Freedom to be your own boss
In modern society, working is something we take for granted. We’re able to go to school, go on to further education, and choose a career path for ourselves based on our skills and ambitions. We’re free to start businesses of our own – whether that’s a new app or a hairdressing salon. Often, we can even get funding to help us on our way. We’re free to make a life for ourselves by working at almost anything we want.
However, during the Soviet era, entrepreneurialism was non-existent. Each and every business, job and pay packet was controlled by the state. The idea of owning private property was anathema to the communist system. This meant that it was illegal to own any kind of business, a factory or even land that could generate revenue.
Businesses weren’t called businesses, but enterprises, and these enterprises were owned and run by the government. Everything from the ice-cream kiosk to the factory was publicly owned.
When it came to getting a job, the role you were given would depend solely on your credentials rather than your own personal ambitions or preferences. The Soviet Union was renowned for its bureaucracy and endless paperwork, so once you’d finished school, you’d be assigned a job and that was it.
Business weren’t called businesses, but enterprises, and these enterprises were owned and run by the government. Everything from the ice-cream kiosk to the factory was publicly owned.
Enterprises would be run by managers who were often members of the Communist Party; who would deal with salaries, equipment and other outgoings. Every single item was manufactured based on what the state decided everyone in society needed, rather than what they wanted. This meant that in theory, there’d be no surplus, no wastage, and most importantly, no profit.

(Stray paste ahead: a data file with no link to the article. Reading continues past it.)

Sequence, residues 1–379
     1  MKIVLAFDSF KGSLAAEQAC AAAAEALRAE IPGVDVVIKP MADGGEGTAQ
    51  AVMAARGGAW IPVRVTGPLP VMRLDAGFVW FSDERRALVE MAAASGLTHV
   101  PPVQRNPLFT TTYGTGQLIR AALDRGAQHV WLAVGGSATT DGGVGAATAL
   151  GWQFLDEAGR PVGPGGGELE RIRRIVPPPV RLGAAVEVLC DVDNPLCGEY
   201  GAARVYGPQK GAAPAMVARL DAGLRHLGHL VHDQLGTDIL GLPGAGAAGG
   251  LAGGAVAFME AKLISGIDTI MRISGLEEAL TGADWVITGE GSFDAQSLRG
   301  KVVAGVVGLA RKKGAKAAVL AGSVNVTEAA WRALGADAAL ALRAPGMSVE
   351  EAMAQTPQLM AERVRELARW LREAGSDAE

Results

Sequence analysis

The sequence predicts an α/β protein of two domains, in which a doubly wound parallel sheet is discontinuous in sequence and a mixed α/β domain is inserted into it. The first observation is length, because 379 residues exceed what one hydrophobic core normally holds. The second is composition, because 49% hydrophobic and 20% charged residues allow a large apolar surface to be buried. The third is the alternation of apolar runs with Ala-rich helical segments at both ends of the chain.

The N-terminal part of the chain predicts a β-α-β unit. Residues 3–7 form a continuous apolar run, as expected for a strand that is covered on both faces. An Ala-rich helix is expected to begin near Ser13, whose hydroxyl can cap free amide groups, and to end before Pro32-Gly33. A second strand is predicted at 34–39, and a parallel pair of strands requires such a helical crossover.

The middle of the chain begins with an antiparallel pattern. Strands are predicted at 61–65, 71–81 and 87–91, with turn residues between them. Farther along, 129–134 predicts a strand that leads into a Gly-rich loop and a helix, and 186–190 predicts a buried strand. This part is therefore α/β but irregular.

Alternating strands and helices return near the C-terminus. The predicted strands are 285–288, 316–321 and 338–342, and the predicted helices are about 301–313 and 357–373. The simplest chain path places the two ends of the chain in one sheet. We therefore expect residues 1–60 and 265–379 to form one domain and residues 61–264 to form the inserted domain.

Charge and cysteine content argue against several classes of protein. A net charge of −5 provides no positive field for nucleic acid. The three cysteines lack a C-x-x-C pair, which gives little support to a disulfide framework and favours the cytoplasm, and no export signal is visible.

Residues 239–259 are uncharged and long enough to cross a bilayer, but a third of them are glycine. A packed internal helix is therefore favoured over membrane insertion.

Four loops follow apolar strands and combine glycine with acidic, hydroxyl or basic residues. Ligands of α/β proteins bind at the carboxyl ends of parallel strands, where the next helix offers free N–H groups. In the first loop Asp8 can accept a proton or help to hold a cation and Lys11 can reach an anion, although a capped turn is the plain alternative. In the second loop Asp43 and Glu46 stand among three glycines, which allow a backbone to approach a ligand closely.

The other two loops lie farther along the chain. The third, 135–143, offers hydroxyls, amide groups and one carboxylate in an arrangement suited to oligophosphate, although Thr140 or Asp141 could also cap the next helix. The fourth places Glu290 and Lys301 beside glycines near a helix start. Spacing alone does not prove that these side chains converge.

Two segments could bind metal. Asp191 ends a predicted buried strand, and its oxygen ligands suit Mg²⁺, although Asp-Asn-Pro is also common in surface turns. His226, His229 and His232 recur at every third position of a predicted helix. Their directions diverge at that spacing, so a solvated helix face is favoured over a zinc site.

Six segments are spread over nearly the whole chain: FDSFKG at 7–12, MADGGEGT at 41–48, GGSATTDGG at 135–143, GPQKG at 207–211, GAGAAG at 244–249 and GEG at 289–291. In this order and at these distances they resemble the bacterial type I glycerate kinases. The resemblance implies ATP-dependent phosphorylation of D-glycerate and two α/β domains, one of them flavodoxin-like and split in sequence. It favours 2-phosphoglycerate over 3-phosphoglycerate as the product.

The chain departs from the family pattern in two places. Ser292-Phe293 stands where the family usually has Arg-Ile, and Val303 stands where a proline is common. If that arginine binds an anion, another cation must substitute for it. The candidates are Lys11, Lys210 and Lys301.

The reality was somewhat different. Today, economies operate on a supply and demand basis; but in the Soviet Union, accessing anything above and beyond the daily essentials was almost impossible. Knowing the right people in the right places was essential if you wanted to procure the finer things in life, which is why the black market and corruption thrived in the USSR.
The black market served as a welcome antidote to the abysmal quality and variety of merchandise available in government-controlled stores. Shops would be named after what they sold, like ‘Food’ or ‘Furniture’, and would often be drab with limited stock.
While the black market thrived, the government-run shops were incredibly inefficient. Soviet countries were famed for poor customer service, as thanks to the not-for-profit economy, there was little incentive to treat customers well.
In fact, when the first McDonald’s opened in Moscow in 1990 staff had to be trained to smile at customers as it was so out of the ordinary. Even landing a job at the Soviet Union’s first McDonald’s was no easy feat. The first workers were the best of the best of Soviet youth – students from prestigious universities who could speak foreign languages were top of the list. On the first day of trading, the branch served over 30,000 people and had a queue running for miles through the streets of Moscow.
Real people: The Wool Entrepreneur
There’s a story in Russian folklore about a resourceful man who managed to create an underground wool enterprise in the Soviet Union; only to land himself in prison.
The man’s job was to drive a van transporting wool between various locations in the Soviet Union. Back then, wool was a useful commodity and after doing his rounds there’d be some ‘surplus’ wool left in his van.
Realising there was an opportunity to make a few rubles by selling this on the black market, his private enterprise began. Within a few years his underground wool business was operating in five different countries, aided and abetted by dozens of accomplices.
Unable to hide his accumulated wealth from the authorities, he was found guilty of embezzling money from the state and imprisoned. Allegedly his spell inside was no obstacle to his status as entrepreneur extraordinaire, as he simply set up another business venture while behind bars.